Microbial Diseases                                      [10.2]
Nutrient Diseases                                       [10.3]
Plant Pests                                             [10.4]

Maintenance and Restarting                              [11]

      Outdoor Cultivation

Choosing a Site                                         [12]
Where to Grow                                           [12.2]
Light                                                   [12.3]

Soil                                                    [13]
Types of Soil                                           [13.2]
Humus and Composts                                      [13.3]
Texture                                                 [13.4]
pH                                                      [13.5]
Fertilisers                                             [13.6]
Techniques for Preparing Soils                          [13.7]
Guerrilla Farming                                       [13.8]

Planting and Transplanting                              [14]
When to Plant                                           [14.2]
Preparing to Sow                                        [14.3]
Germination                                             [14.4]
Transplanting                                           [14.5]

Caring for the Growing Plants                           [15]
Weeding                                                 [15.2]
Watering                                                [15.3]
Thinning                                                [15.4]
Staking                                                 [15.5]
Pruning                                                 [15.6]
Gardening Tips                                          [15.7]

Insects and Other Pests                                 [16]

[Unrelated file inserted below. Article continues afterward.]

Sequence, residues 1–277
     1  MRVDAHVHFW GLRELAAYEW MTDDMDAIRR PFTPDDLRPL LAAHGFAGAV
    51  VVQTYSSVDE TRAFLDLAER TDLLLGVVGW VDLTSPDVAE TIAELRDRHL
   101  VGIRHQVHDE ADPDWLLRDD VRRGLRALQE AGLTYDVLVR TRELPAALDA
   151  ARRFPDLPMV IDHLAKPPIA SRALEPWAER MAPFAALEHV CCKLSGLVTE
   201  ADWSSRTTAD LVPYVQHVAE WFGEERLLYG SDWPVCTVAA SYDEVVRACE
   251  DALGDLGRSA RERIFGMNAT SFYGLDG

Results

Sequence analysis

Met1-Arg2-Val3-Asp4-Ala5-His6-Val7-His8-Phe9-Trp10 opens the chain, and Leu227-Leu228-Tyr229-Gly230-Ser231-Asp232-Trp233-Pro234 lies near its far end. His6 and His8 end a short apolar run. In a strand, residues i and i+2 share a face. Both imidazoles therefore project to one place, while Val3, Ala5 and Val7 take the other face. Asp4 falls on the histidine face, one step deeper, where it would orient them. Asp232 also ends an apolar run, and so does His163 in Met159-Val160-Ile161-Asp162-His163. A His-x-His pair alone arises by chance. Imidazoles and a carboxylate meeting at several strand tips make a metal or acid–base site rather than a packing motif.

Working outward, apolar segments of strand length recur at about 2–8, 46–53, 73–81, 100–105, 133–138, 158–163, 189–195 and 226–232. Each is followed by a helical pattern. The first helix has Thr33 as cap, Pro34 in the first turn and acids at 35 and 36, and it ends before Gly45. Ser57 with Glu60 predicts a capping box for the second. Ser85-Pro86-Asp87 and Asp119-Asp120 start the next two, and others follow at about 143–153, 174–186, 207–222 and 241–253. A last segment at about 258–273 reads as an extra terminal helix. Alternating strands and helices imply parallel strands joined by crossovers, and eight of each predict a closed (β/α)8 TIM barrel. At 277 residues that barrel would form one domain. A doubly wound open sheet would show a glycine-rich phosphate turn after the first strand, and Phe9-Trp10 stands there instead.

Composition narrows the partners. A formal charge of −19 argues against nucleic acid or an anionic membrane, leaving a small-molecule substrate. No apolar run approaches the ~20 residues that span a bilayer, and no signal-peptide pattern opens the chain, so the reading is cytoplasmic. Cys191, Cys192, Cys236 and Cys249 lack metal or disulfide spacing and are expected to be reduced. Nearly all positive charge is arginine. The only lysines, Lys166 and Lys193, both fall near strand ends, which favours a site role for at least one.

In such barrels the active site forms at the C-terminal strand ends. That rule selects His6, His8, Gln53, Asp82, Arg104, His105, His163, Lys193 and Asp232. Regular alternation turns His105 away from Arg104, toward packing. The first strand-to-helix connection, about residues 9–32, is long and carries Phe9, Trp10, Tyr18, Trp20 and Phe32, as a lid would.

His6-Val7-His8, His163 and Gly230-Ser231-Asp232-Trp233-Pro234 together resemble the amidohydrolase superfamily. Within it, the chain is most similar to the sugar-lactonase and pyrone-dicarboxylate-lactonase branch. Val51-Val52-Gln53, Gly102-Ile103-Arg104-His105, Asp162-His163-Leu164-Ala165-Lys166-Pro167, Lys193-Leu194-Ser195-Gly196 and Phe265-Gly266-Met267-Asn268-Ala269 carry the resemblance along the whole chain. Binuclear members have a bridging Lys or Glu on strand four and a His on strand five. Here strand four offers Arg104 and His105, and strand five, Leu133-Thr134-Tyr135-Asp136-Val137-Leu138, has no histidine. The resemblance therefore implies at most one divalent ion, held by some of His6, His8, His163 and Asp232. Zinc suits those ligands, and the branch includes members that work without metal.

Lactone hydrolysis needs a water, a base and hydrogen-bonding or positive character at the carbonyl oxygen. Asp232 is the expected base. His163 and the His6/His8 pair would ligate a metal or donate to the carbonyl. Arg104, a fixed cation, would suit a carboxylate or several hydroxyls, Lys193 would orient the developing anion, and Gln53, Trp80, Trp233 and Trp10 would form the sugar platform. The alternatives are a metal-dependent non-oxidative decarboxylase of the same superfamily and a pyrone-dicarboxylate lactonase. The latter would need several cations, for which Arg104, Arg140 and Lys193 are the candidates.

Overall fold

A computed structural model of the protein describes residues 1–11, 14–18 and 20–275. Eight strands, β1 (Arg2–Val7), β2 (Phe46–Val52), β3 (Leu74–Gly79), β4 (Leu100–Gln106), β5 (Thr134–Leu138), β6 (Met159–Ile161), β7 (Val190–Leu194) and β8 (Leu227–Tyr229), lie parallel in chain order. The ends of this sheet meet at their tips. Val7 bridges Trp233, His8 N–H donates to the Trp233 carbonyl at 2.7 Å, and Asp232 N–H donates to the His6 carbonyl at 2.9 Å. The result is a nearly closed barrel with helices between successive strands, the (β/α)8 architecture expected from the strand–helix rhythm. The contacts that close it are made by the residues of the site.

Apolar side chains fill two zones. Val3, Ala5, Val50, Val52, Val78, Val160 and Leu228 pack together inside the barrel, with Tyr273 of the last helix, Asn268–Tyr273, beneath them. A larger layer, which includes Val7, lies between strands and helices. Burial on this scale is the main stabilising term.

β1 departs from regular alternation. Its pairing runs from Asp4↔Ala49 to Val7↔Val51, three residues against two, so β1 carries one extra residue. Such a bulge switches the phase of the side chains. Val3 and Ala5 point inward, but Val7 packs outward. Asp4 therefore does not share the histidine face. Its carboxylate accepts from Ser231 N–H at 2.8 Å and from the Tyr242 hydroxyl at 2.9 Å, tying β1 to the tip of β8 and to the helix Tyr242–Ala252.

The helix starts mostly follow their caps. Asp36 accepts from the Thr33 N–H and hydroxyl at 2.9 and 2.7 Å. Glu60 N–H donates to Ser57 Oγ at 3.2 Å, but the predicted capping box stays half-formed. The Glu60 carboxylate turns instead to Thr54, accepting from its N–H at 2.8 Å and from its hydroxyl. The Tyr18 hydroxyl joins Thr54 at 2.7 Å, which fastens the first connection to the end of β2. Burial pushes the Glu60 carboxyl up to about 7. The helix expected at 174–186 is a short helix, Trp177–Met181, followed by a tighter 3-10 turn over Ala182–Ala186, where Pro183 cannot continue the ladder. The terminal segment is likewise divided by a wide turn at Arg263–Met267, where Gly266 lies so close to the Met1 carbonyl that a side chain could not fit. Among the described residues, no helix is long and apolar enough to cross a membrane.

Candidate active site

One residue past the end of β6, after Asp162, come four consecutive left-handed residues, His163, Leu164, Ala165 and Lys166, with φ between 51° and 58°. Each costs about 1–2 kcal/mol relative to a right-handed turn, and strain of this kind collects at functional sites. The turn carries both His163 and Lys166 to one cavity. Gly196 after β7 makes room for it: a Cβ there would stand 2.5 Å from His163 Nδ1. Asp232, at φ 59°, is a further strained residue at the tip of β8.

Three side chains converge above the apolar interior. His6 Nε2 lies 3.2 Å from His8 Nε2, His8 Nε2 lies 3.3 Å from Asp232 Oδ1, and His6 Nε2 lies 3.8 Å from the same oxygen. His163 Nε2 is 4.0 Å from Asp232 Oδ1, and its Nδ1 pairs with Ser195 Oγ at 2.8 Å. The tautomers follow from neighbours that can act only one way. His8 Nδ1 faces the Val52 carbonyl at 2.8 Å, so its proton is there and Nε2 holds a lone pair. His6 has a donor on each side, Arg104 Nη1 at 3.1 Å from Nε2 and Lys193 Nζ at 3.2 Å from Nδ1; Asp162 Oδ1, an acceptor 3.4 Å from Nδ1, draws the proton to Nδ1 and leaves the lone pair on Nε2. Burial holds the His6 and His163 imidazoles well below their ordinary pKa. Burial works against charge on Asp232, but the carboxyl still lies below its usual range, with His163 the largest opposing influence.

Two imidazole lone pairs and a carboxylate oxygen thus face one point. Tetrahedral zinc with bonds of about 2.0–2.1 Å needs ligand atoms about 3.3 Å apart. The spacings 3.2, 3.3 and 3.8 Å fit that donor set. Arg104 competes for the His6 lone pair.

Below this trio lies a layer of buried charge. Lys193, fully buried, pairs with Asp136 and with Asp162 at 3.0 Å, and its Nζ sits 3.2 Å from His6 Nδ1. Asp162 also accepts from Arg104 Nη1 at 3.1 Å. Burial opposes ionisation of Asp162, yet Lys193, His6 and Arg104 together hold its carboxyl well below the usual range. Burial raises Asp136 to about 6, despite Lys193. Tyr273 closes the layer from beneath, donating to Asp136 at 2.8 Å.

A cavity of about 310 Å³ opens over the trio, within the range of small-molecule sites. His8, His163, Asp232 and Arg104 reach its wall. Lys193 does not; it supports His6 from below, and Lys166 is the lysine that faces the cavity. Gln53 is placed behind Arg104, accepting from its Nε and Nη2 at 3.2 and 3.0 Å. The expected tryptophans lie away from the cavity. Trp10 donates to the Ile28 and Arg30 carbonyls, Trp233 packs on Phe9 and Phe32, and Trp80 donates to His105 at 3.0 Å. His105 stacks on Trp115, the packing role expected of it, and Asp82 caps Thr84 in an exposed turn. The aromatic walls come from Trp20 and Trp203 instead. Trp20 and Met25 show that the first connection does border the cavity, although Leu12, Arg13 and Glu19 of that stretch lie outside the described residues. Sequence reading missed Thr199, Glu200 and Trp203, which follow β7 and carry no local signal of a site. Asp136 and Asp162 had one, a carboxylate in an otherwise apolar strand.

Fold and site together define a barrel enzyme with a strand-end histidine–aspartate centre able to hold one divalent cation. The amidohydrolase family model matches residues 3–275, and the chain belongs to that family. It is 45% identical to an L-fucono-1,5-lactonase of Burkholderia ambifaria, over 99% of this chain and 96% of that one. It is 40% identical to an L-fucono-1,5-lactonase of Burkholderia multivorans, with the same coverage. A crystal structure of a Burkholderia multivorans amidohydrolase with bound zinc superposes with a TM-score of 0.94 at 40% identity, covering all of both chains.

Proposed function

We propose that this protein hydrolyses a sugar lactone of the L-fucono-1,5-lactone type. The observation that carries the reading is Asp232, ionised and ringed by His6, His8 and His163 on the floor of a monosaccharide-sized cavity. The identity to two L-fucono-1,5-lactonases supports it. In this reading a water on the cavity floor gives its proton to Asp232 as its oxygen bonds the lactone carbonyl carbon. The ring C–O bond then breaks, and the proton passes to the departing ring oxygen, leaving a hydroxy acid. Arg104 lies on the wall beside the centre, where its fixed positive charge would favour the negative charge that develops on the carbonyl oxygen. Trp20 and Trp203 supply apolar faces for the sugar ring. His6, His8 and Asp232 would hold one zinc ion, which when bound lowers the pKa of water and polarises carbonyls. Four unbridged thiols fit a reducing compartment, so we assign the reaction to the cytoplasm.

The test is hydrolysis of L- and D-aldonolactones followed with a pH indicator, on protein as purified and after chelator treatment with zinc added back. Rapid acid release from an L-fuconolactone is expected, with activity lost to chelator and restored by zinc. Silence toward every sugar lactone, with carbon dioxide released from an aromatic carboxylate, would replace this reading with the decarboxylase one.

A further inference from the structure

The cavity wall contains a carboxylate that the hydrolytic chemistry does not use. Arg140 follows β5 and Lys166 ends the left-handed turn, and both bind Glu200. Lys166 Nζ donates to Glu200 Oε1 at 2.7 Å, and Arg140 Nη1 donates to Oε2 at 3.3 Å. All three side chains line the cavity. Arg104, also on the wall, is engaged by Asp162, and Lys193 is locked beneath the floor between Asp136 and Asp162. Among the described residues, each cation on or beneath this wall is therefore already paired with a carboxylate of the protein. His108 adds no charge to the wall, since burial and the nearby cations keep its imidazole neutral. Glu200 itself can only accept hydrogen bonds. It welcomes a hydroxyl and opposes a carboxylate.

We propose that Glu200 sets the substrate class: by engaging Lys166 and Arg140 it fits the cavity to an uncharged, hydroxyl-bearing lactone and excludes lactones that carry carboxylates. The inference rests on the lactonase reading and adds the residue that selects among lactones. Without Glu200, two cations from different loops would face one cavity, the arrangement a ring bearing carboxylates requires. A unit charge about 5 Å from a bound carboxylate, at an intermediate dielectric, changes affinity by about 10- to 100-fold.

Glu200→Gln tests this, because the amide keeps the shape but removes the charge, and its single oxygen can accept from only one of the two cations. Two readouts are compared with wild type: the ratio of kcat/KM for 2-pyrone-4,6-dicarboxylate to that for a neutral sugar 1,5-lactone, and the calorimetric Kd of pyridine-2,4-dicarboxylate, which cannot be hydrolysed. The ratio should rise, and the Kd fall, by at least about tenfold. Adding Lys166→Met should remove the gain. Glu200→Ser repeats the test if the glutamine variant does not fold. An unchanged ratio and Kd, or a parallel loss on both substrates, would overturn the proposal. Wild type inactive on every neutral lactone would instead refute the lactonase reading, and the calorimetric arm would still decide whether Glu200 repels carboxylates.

Biological Control                                      [16.2]
Chemical Insecticides                                   [16.3]
Common Pests                                            [16.4]
Vertebrate Pests                                        [16.5]

           Flowering, Breeding and Propagation

Genetics and Sex in Cannabis                            [17]
Flowering                                               [17.2]
Sexual Variants in Cannabis                             [17.3]
Sexing the Plants                                       [17.4]
Sinsemilla                                              [17.5]

Propagation and Breeding                                [18]
Producing Seeds                                         [18.2]
Producing Female Seeds                                  [18.3]
Breeding                                                [18.4]
Cuttings                                                [18.5]
Grafting                                                [18.6]
Polyploids                                              [18.7]

Effects of the Environment on Potency                   [19]
Stress                                                  [19.2]
Nutrients                                               [19.3]

          Harvesting, Curing and Drying

Harvesting                                              [20]
Harvesting During Growth: Leaves and Growing Shoots	[20.2]
Male Plants                                             [20.3]
Harvesting Female Buds                                  [20.4]
Weather                                                 [20.5]
Potency and Decomposition                               [20.6]
Timing the Harvest                                      [20.7]
Final Harvest                                           [20.8]

After the Harvest                                       [21]
Stripping                                               [21.2]